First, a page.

Transportation, the great equalizer. No matter who you are, where you come from, or what you believe, you will need to get from point A to point B somehow. This becomes an essential part of life as we get older. From school to work to any number of other places in between, transportation is one of the primary facets of our existence. But what about those who don't drive and are still maturing into responsible adults? How do students cope with the need for transportation in the early stages of their lives?
Let's first address the simplest and most popular yet uncommon method of transportation among modern youth, students driving themselves to school, or student driving, as I'll be calling it. While a majority of teenagers don't have this luxury, some students have made the effort to get their licenses as soon as they were legally able, and were fortunate enough to have regular access to a car. This is obviously a somewhat rare scenario, but that may be for the best.
You see, through my own research and personal experience, I've noticed that many public schools (specifically public high schools) have issues with student driving. This refers in particular to students who are taking up the parking spots of faculty members. Though seemingly petty at first glance, this causes a huge chain reaction of problems. Students or faculty are forced to park in the streets, which in turn slows down traffic, and the final result is an extremely frustrating situation at the end of the school day. Naturally, schools are trying to crack down on this issue, and results have been fairly successful. However, with some students getting ticketed, towed, or even suspended for this offense, students are slowly being influenced not to drive to school at all. This is unfortunate because these few cases of issue will ultimately remove what is arguably the most convenient method of getting to school as an option.
Another option that hundreds of kids use to get to and from school is parental transportation; or being driven by a parent or guardian. And while this method does away with the parking concerns of students bringing their own cars, it unfortunately comes with several problems of its own. Although traffic around schools is not generally inhibited by parental transportation in the morning or during the day, traffic at the end of the school day is another issue entirely.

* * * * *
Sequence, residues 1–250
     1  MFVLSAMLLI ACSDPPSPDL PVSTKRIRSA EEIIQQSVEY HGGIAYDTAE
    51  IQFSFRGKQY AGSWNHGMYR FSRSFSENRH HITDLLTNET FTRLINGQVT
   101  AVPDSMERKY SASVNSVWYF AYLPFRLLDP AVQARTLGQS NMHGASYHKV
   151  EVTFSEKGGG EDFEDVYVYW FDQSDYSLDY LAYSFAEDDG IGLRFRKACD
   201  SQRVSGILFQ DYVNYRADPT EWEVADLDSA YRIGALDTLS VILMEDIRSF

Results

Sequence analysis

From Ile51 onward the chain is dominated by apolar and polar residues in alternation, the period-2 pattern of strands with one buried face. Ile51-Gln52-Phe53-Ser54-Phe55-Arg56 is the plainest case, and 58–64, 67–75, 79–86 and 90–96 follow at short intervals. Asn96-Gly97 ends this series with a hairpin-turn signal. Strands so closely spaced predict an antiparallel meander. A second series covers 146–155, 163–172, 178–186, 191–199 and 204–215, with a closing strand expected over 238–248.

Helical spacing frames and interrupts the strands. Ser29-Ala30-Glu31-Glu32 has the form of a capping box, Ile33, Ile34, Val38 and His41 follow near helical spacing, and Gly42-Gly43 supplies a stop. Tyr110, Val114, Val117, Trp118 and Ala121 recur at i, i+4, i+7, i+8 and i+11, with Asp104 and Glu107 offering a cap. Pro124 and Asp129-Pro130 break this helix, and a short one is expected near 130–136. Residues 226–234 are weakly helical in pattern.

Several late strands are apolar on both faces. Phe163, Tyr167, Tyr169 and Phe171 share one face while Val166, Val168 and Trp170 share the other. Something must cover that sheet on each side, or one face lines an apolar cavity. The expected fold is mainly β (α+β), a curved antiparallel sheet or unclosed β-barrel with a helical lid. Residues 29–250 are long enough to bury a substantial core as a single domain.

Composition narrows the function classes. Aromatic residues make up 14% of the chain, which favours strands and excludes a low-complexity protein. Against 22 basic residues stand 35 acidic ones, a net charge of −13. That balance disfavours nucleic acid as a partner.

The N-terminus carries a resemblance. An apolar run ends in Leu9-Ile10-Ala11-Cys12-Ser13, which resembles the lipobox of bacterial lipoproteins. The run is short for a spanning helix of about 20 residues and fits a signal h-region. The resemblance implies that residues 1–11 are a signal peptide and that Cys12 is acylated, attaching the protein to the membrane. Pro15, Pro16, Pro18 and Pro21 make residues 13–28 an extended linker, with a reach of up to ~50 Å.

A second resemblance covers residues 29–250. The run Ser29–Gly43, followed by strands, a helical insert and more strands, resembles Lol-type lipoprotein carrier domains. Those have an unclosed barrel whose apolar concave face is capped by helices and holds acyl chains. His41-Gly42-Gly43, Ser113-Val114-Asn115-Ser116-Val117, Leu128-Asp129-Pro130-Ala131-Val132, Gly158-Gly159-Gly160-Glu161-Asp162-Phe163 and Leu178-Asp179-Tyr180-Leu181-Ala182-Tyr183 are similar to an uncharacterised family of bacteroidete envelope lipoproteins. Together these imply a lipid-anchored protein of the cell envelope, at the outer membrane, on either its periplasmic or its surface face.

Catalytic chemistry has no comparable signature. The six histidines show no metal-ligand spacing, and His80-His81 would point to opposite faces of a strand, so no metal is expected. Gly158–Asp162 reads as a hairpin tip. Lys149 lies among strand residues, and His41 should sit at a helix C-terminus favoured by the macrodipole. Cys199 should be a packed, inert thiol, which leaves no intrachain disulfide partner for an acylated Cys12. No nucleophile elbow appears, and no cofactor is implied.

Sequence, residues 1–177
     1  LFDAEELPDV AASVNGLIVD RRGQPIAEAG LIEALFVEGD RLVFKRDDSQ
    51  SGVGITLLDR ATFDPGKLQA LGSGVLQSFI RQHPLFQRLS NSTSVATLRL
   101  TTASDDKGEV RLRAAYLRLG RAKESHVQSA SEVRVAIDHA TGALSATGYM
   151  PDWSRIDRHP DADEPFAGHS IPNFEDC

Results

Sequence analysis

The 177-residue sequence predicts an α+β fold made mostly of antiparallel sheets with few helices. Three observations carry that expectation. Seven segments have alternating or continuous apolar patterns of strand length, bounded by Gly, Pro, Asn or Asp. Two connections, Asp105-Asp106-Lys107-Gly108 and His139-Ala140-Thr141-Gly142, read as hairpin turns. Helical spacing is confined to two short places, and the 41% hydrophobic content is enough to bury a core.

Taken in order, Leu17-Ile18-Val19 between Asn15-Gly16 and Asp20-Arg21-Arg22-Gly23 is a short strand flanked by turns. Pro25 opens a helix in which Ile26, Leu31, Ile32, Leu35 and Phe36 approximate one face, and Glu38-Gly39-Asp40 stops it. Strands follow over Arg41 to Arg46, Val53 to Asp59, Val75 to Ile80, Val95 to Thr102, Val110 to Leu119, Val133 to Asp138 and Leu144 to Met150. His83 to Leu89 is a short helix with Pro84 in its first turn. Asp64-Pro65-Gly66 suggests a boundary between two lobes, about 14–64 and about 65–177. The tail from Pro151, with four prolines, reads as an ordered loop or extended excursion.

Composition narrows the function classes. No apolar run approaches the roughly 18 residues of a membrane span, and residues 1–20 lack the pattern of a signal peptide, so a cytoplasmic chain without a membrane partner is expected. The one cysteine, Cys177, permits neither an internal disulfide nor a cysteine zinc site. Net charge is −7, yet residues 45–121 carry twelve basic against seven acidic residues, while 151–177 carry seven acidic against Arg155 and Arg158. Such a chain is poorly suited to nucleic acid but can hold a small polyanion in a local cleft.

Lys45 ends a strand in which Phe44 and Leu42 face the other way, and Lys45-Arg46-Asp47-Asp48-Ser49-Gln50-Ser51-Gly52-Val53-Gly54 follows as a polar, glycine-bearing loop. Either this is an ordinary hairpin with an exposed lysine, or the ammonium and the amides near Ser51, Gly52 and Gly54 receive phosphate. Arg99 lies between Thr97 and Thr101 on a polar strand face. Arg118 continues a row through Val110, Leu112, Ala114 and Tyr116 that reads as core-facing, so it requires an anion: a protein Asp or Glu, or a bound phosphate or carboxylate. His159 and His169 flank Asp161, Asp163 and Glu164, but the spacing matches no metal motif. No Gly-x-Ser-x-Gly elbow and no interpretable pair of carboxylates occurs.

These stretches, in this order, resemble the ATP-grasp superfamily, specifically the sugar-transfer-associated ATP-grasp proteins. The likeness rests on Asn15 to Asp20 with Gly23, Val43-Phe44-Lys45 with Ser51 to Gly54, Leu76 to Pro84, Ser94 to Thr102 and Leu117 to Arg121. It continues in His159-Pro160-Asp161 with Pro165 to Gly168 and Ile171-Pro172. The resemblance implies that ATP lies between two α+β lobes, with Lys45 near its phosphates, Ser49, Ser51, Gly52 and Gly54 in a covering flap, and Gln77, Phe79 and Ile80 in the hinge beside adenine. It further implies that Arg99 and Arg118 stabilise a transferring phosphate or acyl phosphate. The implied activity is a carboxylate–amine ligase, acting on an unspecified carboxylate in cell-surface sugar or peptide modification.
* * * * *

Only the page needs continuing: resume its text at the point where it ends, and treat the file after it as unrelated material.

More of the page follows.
The problem here arises in the fact that parents who show up to schools early often clog the intersections in front of the building, blocking the way of other drivers or even school buses from circulating through the area. Again this situation sounds manageable at first glance, but it becomes absolutely chaotic in practice. Thanks to a few stubborn parents, some schools end up looking and sounding like downtown New York city during rush hour at the end of the school day.
Principals have once again attempted to rectify this problem by encouraging parents not to stop in front of the school doors, but I've seen with my own eyes that these suggestions are almost unanimously ignored. While this situation has proven to be more beneficial to the school than the idea of student driving, there are still potential problems with parental transportation that need to be worked out.
The third and most universally encouraged method of transportation for students is public transit. Public transit is unarguably the most efficient solution for student transportation in terms of traffic volume before and after school hours. However, even this option comes with some admittedly mild concerns.
First of all, several ordinary citizens of Ontario who rely on public transit in their daily lives have raised concerns that public buses are becoming too crowded with dismissed students. They claim that this volume of students on a daily basis renders the public transit system incredibly inconvenient to the point of becoming nearly unusable. From personal experience, I must concur with these sentiments. I have seen how chaotic the bus system can get mere minutes after students are dismissed, along with several hours after dismissal. Students definitely overflow the buses between 2 to 4'o'clock, leaving little room for working adults or even senior citizens. This concern is undeniably valid and should definitely be considered in the future.
Overall, student transportation is much more complex than the average person would think. It's just a fact of life that when you need to move more than a hundred people to one place for five days a week, you're going to run into some problems. However, despite the issues with every option, I still believe that public transit is the most efficient method of transporting students to school; though not in its current form. The problems that arise from students using public transit, such as volume, need to be explored in the future if we want to eradicate this problem. I'm not even saying that effective methods of student transportation aren't already available. The GO bus and GO train are fine examples of this very concept, but those services aren't easily available to all students.
It's become crystal clear to the students of Ontario that public transit needs an increase in funding. A better funded and widespread public transit system would not only make taking the bus or train more convenient for both students and ordinary citizens, but it would actually cut the level of traffic in the mornings and afternoons. This in turn would cause driving to school to become a much more viable option.
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